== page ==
I haven’t talked a long time about the last spirit awards. You know, the independent film awards that takes place the day before the Oscars? Where most of the winners are actually movies up for Oscars as well?

I tried to watch a lot of them, but after the awards, yeah, I cared less. But I really wanted to see (T)error, one of the films up for Best Documentary. Title wise, it looked interesting, but I just had no way of seeing it. Thankfully, end of June Netflix added it to its roster. And yes, it took me a whole month still to watch and review it, but that is because I was hit with an influx of documentaries in theaters that sent me screeners.

Needless to say, when I finally made time to watch it, I was very excited. I didn’t even try to write another review during it. Hell, I didn’t even multi task and watch the Olympics during it. Just me and a documentary, full screen, subtitles up just in case, ready.

And also, just to be clear, about 20 minutes into it, I thought about stopping it for the night and reading instead. But I will get into that with more detail later.

Just what is (T)error about? Well the filmmakers were friends with Saeed Torres, and eventually, they found out that one of his jobs was actually as an FBI informant. He was a Muslim in real life and was very devout, but he also infiltrated specific Muslim sects in America when they needed him, to get information on suspected terrorists. Well, Saeed was thinking about finally stopping this job, he was tired of it. So sure, he let them film his perceived last “mission” and he didn’t tell the FBI he was going to do it.

This isn’t the face of terrorism, this is just a troll on the internet. Come on, FBI.

The man above is Khalifah al-Akili, American born, raised Protestant, and later turned Muslim and got really into it. Sure, he might have gotten a bit to into the Jihad side of it. He had a lot of books on guerrilla warfare, military tactics, and more, but was he a terrorist? Was he going to attack America?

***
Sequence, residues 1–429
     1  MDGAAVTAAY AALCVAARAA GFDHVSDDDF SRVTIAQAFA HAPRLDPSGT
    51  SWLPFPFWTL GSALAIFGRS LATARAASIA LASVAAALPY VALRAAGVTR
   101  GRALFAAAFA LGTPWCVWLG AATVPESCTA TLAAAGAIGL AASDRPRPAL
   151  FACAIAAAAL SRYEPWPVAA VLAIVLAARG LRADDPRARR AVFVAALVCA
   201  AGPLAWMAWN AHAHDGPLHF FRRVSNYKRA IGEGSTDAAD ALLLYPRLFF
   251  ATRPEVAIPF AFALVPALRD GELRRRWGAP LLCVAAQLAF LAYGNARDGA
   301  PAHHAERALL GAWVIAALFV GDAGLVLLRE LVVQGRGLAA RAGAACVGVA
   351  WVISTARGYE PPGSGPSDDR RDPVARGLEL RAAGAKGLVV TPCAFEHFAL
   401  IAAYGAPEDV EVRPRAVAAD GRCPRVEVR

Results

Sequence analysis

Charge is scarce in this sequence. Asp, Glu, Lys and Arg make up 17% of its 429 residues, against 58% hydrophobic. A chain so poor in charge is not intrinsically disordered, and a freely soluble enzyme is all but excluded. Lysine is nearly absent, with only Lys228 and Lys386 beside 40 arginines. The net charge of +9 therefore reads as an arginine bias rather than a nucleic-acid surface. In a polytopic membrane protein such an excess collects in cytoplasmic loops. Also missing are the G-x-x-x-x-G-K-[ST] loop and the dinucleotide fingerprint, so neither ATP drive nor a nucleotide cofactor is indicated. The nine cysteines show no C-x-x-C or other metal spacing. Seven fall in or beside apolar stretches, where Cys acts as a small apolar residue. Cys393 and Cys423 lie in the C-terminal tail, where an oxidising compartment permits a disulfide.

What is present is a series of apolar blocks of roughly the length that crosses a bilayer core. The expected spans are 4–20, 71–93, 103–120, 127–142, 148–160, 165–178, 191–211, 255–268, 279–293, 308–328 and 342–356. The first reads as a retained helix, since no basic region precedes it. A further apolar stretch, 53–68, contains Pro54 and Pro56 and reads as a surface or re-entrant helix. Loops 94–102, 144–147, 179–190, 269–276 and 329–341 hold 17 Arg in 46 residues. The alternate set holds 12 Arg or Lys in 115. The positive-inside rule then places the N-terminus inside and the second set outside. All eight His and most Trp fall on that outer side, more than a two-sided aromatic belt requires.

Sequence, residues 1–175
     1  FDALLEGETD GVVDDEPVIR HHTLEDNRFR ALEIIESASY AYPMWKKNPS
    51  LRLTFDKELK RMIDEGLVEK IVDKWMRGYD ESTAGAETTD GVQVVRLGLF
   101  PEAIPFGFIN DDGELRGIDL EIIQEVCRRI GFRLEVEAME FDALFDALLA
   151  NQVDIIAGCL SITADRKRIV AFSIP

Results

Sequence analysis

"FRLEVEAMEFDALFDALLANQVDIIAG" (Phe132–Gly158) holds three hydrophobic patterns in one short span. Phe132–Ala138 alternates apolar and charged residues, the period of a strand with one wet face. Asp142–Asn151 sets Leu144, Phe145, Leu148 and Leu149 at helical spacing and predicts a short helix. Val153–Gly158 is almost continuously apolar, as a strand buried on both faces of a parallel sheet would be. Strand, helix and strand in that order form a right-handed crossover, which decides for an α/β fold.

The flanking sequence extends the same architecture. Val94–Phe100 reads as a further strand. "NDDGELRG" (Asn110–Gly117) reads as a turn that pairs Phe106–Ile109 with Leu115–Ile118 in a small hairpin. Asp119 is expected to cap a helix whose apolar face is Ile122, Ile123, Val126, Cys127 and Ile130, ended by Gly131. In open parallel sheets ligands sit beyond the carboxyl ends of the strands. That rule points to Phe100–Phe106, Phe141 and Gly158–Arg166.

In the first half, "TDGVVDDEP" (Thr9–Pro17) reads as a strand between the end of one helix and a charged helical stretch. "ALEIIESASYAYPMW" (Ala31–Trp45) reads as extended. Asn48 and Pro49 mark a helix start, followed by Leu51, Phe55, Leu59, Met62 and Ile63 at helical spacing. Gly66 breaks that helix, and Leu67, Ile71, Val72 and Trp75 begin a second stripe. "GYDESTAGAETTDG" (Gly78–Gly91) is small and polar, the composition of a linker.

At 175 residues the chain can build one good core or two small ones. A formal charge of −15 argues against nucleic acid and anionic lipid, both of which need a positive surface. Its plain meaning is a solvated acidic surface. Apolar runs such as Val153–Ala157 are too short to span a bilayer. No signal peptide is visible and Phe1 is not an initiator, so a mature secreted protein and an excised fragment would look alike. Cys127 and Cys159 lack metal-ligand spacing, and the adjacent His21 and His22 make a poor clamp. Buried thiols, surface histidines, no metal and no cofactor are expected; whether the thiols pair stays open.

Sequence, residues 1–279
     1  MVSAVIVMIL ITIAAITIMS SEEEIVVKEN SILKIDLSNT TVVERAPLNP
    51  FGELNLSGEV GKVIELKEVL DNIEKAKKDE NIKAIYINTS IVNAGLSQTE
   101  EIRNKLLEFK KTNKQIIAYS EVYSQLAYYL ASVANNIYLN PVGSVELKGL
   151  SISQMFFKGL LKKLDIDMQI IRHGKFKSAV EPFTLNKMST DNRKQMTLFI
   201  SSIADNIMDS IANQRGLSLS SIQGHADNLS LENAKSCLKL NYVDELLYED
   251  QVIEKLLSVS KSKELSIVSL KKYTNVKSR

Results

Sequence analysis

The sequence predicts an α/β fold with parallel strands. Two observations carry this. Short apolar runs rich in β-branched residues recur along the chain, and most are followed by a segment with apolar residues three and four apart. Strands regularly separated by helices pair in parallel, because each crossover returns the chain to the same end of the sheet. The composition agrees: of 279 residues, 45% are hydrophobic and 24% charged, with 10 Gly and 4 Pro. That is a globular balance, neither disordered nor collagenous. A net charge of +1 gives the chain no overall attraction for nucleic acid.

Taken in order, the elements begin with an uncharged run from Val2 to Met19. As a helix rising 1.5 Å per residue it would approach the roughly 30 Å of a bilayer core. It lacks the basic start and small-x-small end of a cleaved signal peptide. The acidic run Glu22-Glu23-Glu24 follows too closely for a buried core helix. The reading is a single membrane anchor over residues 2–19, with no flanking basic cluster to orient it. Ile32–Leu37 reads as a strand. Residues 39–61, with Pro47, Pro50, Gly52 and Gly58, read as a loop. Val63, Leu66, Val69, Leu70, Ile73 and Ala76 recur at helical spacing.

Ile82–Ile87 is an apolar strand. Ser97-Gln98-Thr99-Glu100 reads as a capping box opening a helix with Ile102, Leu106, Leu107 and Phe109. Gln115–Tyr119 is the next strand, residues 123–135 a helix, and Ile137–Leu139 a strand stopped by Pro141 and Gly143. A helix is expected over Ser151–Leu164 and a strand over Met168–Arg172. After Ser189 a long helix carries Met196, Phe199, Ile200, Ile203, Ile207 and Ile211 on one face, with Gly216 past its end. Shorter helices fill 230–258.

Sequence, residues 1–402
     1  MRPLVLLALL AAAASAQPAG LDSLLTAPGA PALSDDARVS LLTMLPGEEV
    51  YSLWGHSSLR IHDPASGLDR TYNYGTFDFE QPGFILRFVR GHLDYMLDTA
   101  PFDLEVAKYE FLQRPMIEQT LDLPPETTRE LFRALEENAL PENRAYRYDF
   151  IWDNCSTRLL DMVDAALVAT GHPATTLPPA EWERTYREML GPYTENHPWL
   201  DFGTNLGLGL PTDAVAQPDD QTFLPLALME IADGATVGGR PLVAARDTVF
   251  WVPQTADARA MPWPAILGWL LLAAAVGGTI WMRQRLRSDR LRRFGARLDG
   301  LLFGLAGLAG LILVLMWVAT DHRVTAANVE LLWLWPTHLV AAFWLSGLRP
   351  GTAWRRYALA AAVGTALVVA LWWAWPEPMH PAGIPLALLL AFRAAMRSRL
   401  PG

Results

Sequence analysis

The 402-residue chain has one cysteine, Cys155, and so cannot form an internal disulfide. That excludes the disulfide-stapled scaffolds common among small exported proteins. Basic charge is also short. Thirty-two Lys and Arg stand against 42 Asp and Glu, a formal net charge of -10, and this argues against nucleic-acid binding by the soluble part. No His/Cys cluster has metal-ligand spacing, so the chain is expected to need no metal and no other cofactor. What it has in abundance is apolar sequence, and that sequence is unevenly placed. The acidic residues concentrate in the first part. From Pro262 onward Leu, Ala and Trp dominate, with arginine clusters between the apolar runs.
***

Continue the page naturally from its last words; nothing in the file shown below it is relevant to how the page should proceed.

That is what Saeed, or Shariff (his undercover name) had to find out. That meant moving into his community, going to his mosque, befriending him, and yeah, eventually finding out how serious he was about the whole thing. While the FBI prodded Saeed along, making him ask more and more invasive questions while also making harsher and more direct suggestions to Khalifah.

And well, I won’t go into any more of it. Because things started to get really crazy. Or upsetting. And shocking. And it went to 11 and at that point, yes, then I could no longer look away.

Like I suggested early, the documentary started off slow. And yes, it was one of my biggest issues with it and enough to knock it a point down the rating. It started out excited, but got bored with the early aspects of him heading to find Khalifah, with his past history, etc. But god damn did it get really good. Like, really really good. Like, more people should see this damn documentary.

We got shady government actions and more folks. If you are one of the people who binged Making a Murderer, you would love this documentary as well. It goes places I didn’t think possible, while maintaining its credibility as non involved documentary people. Sort of.

And yet, I almost stopped it earlier on to go read.

3 out of 4.

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